Therefore, it is normal practice in the UK to be referred to a specialist if PD is suspected. The specialist will be used to diagnosing PD and ruling out other causes of the symptoms. They will usually be either a neurologist or a doctor specialising in elderly care. If there is still doubt about the diagnosis, sometimes a scan of the brain is carried out. This helps to differentiate PD from some other conditions that can cause Parkinsonism features. Other tests sometimes needed include blood tests and tests of your sense of smell.
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Noticing Early Signs Of Parkinsons Disease
Parkinsons early symptoms are easy to overlook, so you may want to take seriously the feedback you are getting from friends and family!
You might even ask if they have noticed anything such as:
- Do you seem more still than usual and a bit slower?
- Are you more stiff than usual?
- Your face may have less expression than it used to have, and blink less, because one of the Parkinsons symptoms is called a “masked face.”
- You might be speaking more softly
- You have more trouble with walking or even talking and lose track of a word or thought
- Even being depressed and irritable could be signs of Parkinsons disease
What Are The Symptoms Of Parkinsons Disease
Symptoms of Parkinsons disease and the rate of decline vary widely from person to person. The most common symptoms include:
Other symptoms include:
- Speech/vocal changes: Speech may be quick, become slurred or be soft in tone. You may hesitate before speaking. The pitch of your voice may become unchanged .
- Handwriting changes: You handwriting may become smaller and more difficult to read.
- Depression and anxiety.
- Sleeping disturbances including disrupted sleep, acting out your dreams, and restless leg syndrome.
- Pain, lack of interest , fatigue, change in weight, vision changes.
- Low blood pressure.
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What Are Lewy Bodies
The affected neurons of people with Parkinsons disease have been found to contain clumped proteins called Lewy bodies, but researchers arent yet sure why Lewy bodies form or what role they play in the disease.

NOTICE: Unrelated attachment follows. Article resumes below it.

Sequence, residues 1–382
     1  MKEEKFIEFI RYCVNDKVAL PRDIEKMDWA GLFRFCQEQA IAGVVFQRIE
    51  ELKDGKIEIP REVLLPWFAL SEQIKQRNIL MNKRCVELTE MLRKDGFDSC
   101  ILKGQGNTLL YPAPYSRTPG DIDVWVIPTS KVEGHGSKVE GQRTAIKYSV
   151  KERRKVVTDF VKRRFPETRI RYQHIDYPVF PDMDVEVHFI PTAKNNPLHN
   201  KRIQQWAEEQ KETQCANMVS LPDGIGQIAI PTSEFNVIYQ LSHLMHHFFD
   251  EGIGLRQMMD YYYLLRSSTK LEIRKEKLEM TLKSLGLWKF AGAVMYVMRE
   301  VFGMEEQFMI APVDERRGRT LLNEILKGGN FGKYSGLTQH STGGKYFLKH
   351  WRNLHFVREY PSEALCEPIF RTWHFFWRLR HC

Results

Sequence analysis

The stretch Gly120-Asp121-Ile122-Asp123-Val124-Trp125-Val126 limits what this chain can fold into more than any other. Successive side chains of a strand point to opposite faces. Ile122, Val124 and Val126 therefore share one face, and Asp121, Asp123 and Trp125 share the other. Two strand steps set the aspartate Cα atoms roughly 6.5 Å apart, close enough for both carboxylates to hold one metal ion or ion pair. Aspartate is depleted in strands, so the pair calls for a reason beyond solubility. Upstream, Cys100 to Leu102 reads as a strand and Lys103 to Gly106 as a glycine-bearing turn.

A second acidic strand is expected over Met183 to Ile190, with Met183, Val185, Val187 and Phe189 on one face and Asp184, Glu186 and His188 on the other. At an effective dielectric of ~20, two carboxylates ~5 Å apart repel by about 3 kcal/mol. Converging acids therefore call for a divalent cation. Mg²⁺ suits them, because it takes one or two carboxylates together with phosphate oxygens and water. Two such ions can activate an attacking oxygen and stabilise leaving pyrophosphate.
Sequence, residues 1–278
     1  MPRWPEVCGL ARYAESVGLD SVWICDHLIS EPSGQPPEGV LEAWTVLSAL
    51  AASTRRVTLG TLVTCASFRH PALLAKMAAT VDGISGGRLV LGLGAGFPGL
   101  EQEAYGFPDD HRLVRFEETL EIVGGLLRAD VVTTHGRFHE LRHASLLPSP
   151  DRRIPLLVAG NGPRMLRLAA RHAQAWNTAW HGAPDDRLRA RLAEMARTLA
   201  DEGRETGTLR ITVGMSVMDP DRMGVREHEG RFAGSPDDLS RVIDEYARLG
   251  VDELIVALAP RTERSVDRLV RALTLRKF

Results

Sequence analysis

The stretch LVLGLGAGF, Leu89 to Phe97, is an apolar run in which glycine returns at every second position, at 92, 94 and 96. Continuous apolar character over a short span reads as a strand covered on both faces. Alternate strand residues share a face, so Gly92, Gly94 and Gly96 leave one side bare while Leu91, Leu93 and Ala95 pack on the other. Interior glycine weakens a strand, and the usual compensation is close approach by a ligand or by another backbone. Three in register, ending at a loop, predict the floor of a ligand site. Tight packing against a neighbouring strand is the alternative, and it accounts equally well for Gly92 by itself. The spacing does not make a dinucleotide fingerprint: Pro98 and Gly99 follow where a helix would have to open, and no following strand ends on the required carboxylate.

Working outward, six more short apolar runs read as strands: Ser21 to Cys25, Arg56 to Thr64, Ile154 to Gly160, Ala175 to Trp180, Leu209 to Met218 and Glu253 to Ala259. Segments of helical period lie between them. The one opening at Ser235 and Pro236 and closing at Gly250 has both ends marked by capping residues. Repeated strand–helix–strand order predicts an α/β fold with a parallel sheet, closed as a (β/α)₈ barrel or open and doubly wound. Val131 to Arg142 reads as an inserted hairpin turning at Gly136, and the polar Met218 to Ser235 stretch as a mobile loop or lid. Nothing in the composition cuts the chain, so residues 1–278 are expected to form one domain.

Lewy bodies are clumps of a protein called alpha-synuclein . Neurons cant break down these protein clumps, which may lead to the death of these cells.
Some other theories about what causes the death of brain cells in people with Parkinsons disease include free radical damage, inflammation, or toxins.
What Causes Parkinsons Symptoms
While Parkinsons diseases impact on the brain is better understood today, the cause of the condition is unknown. Research points to a combination of environmental and genetic factors. Scientists are looking for links between Parkinsons disease and genetics, aging, toxins in the environment, and free radicals, which react with certain chemicals in the body and may interfere with the ability of cells to function normally.
The process of impairment of brain cells is called neurodegeneration. When approximately 60 to 80 percent of the dopamine-producing cells are damaged, the motor symptoms of Parkinsons disease appear. This results in an aggravation of motor and non motor symptoms.
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How Is Parkinsons Treated
While there currently is no cure for Parkinsons, there are medications that can help slow the progression of the disease. A combination of the prescription drugs Levopoda and Carbidopa are often prescribed to those living with Parkinsons. These can help reduce tremors and rigidity.
Hammel said any combinations of medications prescribed should be accompanied by an exercise program.
There are two things that 110% dictate the progression of the disease: the medications your neurologist recommends and physical activity, he said. Its like they say, if you dont use it you lose it. Thats true with movement.
Research indicates that regular exercise can slow the decline in those with Parkinsons. Exercise can also save dopamine, Hammel added. Loss of dopamine is what causes the disease in the first place, so, exercise is huge, he said.
There are several Parkinsons exercise programs out there. Check with your doctor to see which one is right for you.
What Is Parkinsons Disease Its A Movement Disorder
Parkinsons disease is a progressive brain illness that affects the way you move. In more clinical terms, Parkinsons disease is a neurodegenerative disorder of the central nervous system.
Normally, there are cells in the brain that produce a chemical called dopamine. Dopamine sends signals to the parts of your brain that control movement. When approximately 60-80% of the dopamine-producing brain cells are damaged, symptoms of Parkinsons disease appear, and you may have trouble moving the way you want.